The short answer is that while braces can potentially help with minor, temporary weight loss, they are not an effective stand-alone solution for meaningful or sustainable weight reduction. Any weight loss achieved while wearing braces will likely be modest and short-lived without substantial lifestyle changes.

Braces alone cannot be relied upon to “make you lose weight.” At best, they may unintentionally promote tiny calorie deficits through temporary appetite suppression during initial adjustments, avoidance of some incompatible high-calorie foods, and smaller bites out of necessity. 

But these effects are too minuscule and inconsistent to result in significant, lasting weight loss for the average person. The human body has powerful drives to maintain a certain weight set point determined by factors far beyond orthodontic appliances. Read: The Real Side Effects Of Vaping: Can You Really Lose Weight?

If weight loss is one of your goals in getting braces, you will be disappointed. Braces are primarily designed to correct the position of teeth and jaws, not serve as a diet aid. For lasting weight management success, a comprehensive approach must be taken to address diet, exercise, behavior, and any potential help from braces. 

But braces alone will not make you lose substantial amounts of weight – at best; they may nudge you towards slightly healthier choices and temporary minor reductions. With proper patience and perseverance, long-term lifestyle changes are a much more reliable path to weight loss and maintenance.

So while some anecdotal stories exist of individuals coincidentally losing weight while wearing braces, this outcome is not common or guaranteed. Braces should be viewed as a tool for improving oral health and function, not a quick fix for weight loss issues requiring real lifestyle modifications.

What are the Potential side effects of wearing braces?

Many people wonder if wearing braces could potentially help with weight loss as a secondary effect. After all, you have to adjust your diet and eating habits after you get braces. 

However, relying solely on braces to facilitate meaningful weight reduction involves inherent pitfalls and limitations that render this approach largely ineffective for most patients. They include:

  • Temporary Effects are Unsustainable

Any weight loss achieved while wearing braces will likely be minor and short-lived. The appetite suppression and smaller bites experienced during initial adjustments are temporary. 

As teeth align and appliances become less noticeable, eating habits return to normal. Without permanent changes to diet and lifestyle, most weight lost during treatment will be regained. Braces alone cannot sustain weight management over the long term.

  • No Formal Diet Plans Are Recommended

Orthodontists do not advise patients to use braces as a weight loss tool. They simply recommend avoiding hard or sticky foods that could damage appliances. Patients are not placed on formal calorie-restricted diet plans. Without proper diet plans, achieving meaningful weight loss through braces alone is difficult.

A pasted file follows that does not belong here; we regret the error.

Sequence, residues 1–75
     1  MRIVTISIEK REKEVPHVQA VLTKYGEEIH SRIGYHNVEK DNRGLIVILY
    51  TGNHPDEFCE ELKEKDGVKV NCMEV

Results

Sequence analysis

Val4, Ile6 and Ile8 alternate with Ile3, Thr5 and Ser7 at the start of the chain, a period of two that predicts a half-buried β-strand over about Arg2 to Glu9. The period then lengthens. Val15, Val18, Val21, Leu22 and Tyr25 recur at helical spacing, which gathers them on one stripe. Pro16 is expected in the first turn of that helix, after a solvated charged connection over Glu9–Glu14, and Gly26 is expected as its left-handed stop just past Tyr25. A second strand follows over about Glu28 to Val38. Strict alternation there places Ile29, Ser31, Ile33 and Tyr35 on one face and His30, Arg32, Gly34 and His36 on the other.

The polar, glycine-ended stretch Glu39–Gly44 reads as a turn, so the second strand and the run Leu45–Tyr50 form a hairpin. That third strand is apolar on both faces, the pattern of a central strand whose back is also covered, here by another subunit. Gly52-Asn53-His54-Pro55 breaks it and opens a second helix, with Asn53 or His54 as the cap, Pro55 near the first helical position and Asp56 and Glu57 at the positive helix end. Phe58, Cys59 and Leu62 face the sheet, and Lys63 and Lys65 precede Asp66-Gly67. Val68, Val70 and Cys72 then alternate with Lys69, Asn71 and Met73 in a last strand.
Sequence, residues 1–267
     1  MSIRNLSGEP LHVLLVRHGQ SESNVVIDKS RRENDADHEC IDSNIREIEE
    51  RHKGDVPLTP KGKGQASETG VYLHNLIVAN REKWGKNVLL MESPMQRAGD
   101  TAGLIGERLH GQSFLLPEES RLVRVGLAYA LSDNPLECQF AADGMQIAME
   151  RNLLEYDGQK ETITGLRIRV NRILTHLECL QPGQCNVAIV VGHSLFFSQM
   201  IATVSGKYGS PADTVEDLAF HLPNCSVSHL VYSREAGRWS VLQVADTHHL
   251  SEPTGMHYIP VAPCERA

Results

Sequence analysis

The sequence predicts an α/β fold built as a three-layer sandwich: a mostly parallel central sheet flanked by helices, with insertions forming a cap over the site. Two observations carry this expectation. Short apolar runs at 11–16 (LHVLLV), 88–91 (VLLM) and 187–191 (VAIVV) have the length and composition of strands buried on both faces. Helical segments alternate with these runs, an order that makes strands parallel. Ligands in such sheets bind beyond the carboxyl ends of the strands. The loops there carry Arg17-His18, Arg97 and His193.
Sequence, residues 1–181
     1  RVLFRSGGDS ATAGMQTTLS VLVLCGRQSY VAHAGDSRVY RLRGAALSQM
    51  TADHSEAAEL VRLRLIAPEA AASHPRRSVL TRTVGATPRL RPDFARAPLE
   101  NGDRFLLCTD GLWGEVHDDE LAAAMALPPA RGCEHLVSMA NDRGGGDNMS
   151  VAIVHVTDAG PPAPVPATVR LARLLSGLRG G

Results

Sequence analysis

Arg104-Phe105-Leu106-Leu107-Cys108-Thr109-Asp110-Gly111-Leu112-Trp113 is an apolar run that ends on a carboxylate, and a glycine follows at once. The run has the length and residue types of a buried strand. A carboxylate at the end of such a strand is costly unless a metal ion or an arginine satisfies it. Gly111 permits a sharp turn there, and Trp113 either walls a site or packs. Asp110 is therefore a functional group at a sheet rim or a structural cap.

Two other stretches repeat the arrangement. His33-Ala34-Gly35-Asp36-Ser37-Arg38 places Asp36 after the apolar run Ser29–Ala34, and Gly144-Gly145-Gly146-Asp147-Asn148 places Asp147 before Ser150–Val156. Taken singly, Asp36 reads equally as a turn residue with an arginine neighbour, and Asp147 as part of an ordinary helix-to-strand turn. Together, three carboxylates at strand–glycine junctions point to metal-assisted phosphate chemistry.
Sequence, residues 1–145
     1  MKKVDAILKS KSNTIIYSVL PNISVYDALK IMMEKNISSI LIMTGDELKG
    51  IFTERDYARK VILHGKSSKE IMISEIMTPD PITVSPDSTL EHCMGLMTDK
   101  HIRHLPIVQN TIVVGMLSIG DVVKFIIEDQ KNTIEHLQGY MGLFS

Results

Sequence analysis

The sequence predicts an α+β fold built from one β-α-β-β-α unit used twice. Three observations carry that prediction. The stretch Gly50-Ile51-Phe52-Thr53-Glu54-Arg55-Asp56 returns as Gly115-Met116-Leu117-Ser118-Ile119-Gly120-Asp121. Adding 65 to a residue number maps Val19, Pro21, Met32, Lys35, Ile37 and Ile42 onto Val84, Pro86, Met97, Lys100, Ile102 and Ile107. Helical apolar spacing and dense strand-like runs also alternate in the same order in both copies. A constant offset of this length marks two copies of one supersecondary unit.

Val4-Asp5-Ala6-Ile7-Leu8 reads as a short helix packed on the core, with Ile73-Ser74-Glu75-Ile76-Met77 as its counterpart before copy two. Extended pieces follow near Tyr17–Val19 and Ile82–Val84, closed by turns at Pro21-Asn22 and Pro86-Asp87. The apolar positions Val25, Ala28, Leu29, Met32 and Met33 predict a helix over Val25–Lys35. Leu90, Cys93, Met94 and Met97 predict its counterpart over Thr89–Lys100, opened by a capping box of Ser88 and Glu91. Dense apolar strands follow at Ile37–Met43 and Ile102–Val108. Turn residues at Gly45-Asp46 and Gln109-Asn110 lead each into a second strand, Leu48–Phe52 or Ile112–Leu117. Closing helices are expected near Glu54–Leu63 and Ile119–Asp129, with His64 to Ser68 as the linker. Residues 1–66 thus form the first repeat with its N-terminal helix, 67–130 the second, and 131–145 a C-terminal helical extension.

• Individual Factors Dominate Weight Regulation

Factors like metabolism, lifestyle, genetics, and willpower greatly influence weight regulation more than braces. For most people, any weight changes while wearing braces are likely insignificant compared to the impact of these individual factors. Braces alone cannot overcome a person’s genetic predisposition or slow metabolism.

  • Lack of Exercise Still Impacts Weight

Braces do not directly affect a person’s ability to exercise and be physically active. Braces alone cannot produce significant weight loss for most individuals without incorporating increased activity into a weight management plan. Regular exercise remains essential for lasting weight control.

  • Risk of Unhealthy Eating Behaviors

Some patients turn to unhealthy eating habits while wearing braces due to the limitations they impose. This includes bingeing on soft, high-calorie foods or drastically cutting entire food groups. Such disordered eating patterns are inherently unsustainable and may exacerbate weight regulation issues over time. Orthodontists do not recommend these behaviors.


Can wearing braces help with weight loss? While braces may lead to minor, temporary weight loss through reduced appetite during initial adjustment and avoiding sticky or crunchy foods, relying solely on braces for meaningful long-term weight loss is largely ineffective. Lasting weight management requires permanent changes to diet, exercise, and lifestyle – braces alone cannot generate enough of a calorie deficit or sustain changes over time to result in substantial weight loss for most people.

Medical Discalimer: The information provided here On Geeks Health website is for general informational purposes only. It is not intended to be a substitute for professional medical advice, diagnosis, or treatment. Always seek the advice of your physician or other qualified health provider with any questions you may have regarding a medical condition. If you have or suspect a medical problem, promptly contact your healthcare provider. Reliance on any information in this response is solely at your own risk.
Vanessa Roberts